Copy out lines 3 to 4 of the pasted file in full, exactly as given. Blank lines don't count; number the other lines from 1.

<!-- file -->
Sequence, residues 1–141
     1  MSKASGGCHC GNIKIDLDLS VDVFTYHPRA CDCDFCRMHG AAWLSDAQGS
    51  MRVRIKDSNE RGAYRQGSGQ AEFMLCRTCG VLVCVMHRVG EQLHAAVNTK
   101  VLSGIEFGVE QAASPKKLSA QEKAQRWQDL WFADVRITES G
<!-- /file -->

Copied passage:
    51  MRVRIKDSNE RGAYRQGSGQ AEFMLCRTCG VLVCVMHRVG EQLHAAVNTK
   101  VLSGIEFGVE QAASPKKLSA QEKAQRWQDL WFADVRITES G